04/09/2014 12:16 EDT | Updated 06/09/2014 05:59 EDT

Prosecutor who led wrongful conviction case says Nova Scotia man pleaded guilty

HALIFAX - The former Crown attorney who led the case against a Nova Scotia man wrongfully convicted of statutory rape in 1970 testified Wednesday that nothing seemed out of order, even though some key files had disappeared over the years.

Gerald Barton is suing the Nova Scotia Crown for malicious prosecution and the RCMP for negligent investigation, claiming in a civil suit that he never gave an incriminating statement to police and didn't plead guilty to the crime of having sex with a female between the ages of 14 and 16.

On Wednesday, former Crown attorney Charles Haliburton testified that Barton had in fact pleaded guilty to the charge just as his trial was about to begin on Jan. 14, 1970.

Haliburton, a retired provincial Supreme Court judge, cited documents he retrieved from an old storage room in Digby, saying he had written the following note on one of them: "Guilty plea on trial."

Testifying in Nova Scotia Supreme Court, Haliburton said the notation meant Barton "went to court on Jan. 14, (1970) for a trial and he pleaded guilty instead of having a trial."

Haliburton, a former Nova Scotia MP who retired as a judge last year, said aside from the notation on his file and documents from a preliminary hearing, there is no record of the court proceedings that led to Barton's conviction.

He said a large cache of records were destroyed about 15 years ago when records at the Digby County courthouse were moved to Halifax.

Barton's lawyer, Dale Dunlop, asked Haliburton if he had removed or destroyed any files pertaining to Barton's case.

"I did not have the practice of taking things out of the files," he said. "I'm as certain of that as anything after 40 years."

Dunlop also asked if Haliburton's decision to prosecute the case had anything to do with the fact that Barton is black.

"I don't think it had any impact at all," Haliburton responded.

As well, Dunlop wanted to know why Haliburton had decided to charge Barton with having sex with a minor, even though the complainant's statement to police indicated that she had been violently raped, an assertion Haliburton did not dispute.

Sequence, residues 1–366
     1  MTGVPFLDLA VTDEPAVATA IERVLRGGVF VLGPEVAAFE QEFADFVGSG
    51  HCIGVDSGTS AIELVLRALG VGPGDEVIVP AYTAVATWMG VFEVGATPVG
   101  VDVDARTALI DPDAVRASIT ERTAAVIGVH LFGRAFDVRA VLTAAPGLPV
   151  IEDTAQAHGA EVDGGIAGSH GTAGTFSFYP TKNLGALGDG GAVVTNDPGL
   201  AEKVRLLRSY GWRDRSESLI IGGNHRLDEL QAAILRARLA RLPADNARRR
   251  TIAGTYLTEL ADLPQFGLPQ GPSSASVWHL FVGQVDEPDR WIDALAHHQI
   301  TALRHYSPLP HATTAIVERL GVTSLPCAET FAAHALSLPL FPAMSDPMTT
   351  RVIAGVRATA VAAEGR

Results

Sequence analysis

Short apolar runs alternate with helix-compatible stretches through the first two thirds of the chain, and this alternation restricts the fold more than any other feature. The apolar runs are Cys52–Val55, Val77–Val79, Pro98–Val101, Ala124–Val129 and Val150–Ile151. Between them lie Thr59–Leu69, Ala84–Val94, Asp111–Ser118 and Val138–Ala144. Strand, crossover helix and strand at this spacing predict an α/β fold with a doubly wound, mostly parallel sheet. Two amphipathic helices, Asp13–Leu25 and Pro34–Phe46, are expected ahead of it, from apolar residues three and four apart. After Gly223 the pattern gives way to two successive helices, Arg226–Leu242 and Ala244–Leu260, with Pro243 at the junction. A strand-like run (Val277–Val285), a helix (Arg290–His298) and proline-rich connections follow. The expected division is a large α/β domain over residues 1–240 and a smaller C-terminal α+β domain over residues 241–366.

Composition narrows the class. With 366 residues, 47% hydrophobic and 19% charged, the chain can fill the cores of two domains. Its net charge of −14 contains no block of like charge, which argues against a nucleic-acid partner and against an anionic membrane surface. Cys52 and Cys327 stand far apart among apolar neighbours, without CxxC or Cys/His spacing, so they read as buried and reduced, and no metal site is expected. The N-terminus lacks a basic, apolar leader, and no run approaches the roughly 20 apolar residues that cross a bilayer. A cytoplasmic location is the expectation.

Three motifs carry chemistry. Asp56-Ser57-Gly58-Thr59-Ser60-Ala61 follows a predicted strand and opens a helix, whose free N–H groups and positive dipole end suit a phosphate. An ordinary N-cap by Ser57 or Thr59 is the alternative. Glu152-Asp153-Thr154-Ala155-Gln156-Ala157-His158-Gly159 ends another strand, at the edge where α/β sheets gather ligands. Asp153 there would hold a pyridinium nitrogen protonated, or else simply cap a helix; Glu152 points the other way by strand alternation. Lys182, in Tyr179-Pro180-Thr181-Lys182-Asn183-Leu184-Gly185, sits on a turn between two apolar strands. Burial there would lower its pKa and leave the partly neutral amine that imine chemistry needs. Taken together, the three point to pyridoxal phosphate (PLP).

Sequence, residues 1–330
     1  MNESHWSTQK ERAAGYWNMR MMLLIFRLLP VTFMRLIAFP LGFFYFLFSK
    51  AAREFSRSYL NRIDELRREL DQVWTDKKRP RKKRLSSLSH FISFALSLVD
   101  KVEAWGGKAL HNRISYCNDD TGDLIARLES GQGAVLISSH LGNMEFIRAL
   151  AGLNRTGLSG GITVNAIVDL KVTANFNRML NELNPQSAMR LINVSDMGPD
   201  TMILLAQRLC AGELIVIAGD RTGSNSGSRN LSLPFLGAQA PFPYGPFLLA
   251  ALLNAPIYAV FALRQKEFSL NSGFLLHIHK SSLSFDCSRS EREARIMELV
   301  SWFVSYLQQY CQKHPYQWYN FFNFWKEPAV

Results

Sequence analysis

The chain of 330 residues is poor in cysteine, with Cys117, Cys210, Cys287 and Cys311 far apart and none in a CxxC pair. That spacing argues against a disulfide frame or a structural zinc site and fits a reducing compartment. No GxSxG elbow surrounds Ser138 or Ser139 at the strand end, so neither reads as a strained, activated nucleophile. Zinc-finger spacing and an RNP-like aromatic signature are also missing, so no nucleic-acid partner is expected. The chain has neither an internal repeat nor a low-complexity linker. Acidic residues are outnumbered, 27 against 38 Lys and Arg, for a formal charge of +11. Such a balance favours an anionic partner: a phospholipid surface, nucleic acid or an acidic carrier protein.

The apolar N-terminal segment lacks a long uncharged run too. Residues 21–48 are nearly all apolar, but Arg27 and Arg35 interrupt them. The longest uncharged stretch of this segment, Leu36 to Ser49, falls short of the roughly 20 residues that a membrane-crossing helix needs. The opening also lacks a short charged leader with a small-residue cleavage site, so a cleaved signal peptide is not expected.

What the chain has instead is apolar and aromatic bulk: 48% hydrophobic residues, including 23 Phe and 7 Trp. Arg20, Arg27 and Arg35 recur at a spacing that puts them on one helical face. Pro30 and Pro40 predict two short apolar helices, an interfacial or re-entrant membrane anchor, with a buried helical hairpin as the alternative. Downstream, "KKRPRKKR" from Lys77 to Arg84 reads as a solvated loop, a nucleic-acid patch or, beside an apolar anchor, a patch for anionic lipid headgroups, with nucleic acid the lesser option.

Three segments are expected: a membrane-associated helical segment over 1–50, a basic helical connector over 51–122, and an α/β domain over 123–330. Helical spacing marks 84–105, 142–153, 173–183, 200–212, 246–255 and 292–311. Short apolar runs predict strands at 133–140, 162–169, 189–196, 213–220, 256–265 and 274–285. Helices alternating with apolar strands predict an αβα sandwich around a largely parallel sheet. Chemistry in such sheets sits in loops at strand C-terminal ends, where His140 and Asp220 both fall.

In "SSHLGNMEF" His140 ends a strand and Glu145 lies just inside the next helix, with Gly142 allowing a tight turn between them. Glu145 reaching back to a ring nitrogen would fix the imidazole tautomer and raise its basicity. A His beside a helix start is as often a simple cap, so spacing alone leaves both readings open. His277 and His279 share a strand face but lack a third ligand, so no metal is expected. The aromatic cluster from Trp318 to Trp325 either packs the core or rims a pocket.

"It was the one (charge) that had a real prospect of conviction," Haliburton said. "It's the one that (Barton) admitted to" in his statement to police.

Earlier in the trial, Barton told the court that the statement attributed to him was a fabrication. In it, Barton is quoted as saying he had consensual sex with a 14-year-old girl at her home in Jordantown in 1969, but he testified Monday that he never spoke to any officers.

Court records show Barton spent a few hours in jail and was sentenced to one year of probation.

In January 2011, the Nova Scotia Court of Appeal admitted DNA evidence that proved Barton was not the father of the child born to the original complainant, who told police in 2008 she had lied about being raped by Barton.

The genetic tests said the brother of Barton's accuser was the father of the child. The brother was later charged with indecent assault, but the charge was dismissed in 2009. His name and that of his siblings and immediate family are protected by a publication ban.

Outside the courtroom, Dunlop was asked if it was possible that Barton's lawyer at the time, John Nichols, had advised his client to plead guilty before trial in a bid to get a reduced sentence.

"That clearly would have been a possibility, but it would be just guessing now to say that that happened," he said.

Closing arguments are scheduled for Thursday.

"I'm feeling pretty good because this is coming down to the last of it," Barton said outside the courtroom. "It makes me feel a lot better to get this off of my back."

He said he believes it is clear from the evidence that a miscarriage of justice had taken place.

"They never investigated. They never took the time. They just took the people who complained about it, they took their word. They left me out of the picture. They just threw me away."